Plaintiff opposed the motion, arguing that the prescriptive period did not begin until Stephen had knowledge that she was injured by her insurer's bad faith failure to settle. Plaintiff argued that the date of injury was when the Louisiana Supreme Court denied review, thereby exhausting her appellate rights. In the alternative, the plaintiff asserted that the Louisiana jurisprudential exception of contra non valentem should exempt the claim from prescription because Stephen was unaware of GEICO's settlement actions that formed the basis of her bad faith claim until she was informed by the plaintiff's counsel, which was after appeal process had been exhausted.

Applicable Law

On a motion to dismiss for failure to state a claim under Rule 12(b)(6), Fed.R.Civ.P. the Court "must accept as true all of the factual allegations contained in the complaint." Erickson v. Pardus, 551 U.S. 89, 94, 127 S.Ct. 2197, 2200 (2007). "Factual allegations must be enough to raise a right to relief above the speculative level." Bell Atl. Corp. v. Twombly, 550 U.S. 544, 555, 127 S.Ct. 1955 (2007). The Supreme Court recently expounded upon the Twombly standard, explaining that "[t]o survive a motion to dismiss, a complaint must contain sufficient factual matter, accepted as true, to state a claim to relief that is plausible on its face.'" Ashcroft v. Iqbal, 556 U.S. 662, 129 S.Ct. 1937, 1949 (2009) (quoting Twombly, 550 U.S. at 570, 127 S.Ct. 1955). "A claim has facial plausibility when the plaintiff pleads factual content that allows the court to draw the reasonable inference that the defendant is liable for the misconduct alleged." Id. It follows that "where the well-pleaded facts do not permit the court to infer more than the mere possibility of misconduct, the complaint has alleged-but it has not show[n]-that the pleader is entitled to relief.'" Id. at 1950 (quoting Rule 8(a)(2), Fed.R.Civ.P.). The court need not accept "a legal conclusion couched as a factual allegation, " or "naked assertions [of unlawful misconduct] devoid of further factual enhancement." Id. at 1949-50 (internal quotation marks omitted).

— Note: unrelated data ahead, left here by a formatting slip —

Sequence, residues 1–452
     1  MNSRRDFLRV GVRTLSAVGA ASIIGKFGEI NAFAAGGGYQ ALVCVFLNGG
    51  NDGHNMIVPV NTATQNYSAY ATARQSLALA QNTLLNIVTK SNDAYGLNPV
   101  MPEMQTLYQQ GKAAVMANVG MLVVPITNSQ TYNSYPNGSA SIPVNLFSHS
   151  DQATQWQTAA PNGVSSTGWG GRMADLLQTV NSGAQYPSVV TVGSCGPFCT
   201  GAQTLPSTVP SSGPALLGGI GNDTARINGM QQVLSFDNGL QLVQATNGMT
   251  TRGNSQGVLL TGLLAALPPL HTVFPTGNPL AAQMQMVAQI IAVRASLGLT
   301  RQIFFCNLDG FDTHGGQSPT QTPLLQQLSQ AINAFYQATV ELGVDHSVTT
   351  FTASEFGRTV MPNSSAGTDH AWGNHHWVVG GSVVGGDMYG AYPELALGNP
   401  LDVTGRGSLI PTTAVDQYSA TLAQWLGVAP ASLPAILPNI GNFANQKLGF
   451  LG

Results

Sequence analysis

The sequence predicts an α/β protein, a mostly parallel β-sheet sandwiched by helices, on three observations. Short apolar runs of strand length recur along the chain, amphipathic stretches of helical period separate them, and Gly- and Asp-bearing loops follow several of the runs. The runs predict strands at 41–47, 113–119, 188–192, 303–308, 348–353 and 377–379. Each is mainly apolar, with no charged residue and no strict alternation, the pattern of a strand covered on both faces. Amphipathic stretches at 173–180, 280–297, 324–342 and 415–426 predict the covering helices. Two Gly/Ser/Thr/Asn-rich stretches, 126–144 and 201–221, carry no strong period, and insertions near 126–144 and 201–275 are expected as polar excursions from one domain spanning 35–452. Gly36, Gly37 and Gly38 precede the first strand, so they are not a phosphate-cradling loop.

Summary judgment is only proper when the moving party, in a properly supported motion, demonstrates that there is no genuine issue of material fact and that the party is entitled to judgment as a matter of law. Rule 56(c), Fed.R.Civ.P.; Anderson v. Liberty Lobby, Inc., 477 U.S. 242, 247, 106 S.Ct. 2505, 2510 (1986). If the moving party carries its burden under Rule 56(c), the opposing party must direct the court's attention to specific evidence in the record which demonstrates that it can satisfy a reasonable jury that it is entitled to verdict in its favor. Anderson, 477 U.S. at 252, 106 S.Ct. at 2512. This burden is not satisfied by some metaphysical doubt as to the material facts, conclusory allegations, unsubstantiated assertions or only a scintilla of evidence. Little v. Liquid Air Corp., 37 F.3d 1069, 1075 (5th Cir. 1994). In resolving the motion the court must review all the evidence and the record taken as a whole in the light most favorable to the party opposing the motion, and draw all reasonable inferences in that party's favor. Anderson, 477 U.S. at 255, 106 S.Ct. at 2513. The court may not make credibility findings, weigh the evidence, or resolve factual disputes. Id .; Reeves v. Sanderson Plumbing Prods., Inc., 530 U.S. 133, 150, 120 S.Ct. 2097, 2110 (2000). A genuine issue of material fact exists when the evidence is such that a reasonable trier of fact could return a verdict for the non-moving party. Amerisure Ins. Co. v. Navigators Ins.Co., 611 F.3d 299, 304 (5th Cir. 2010).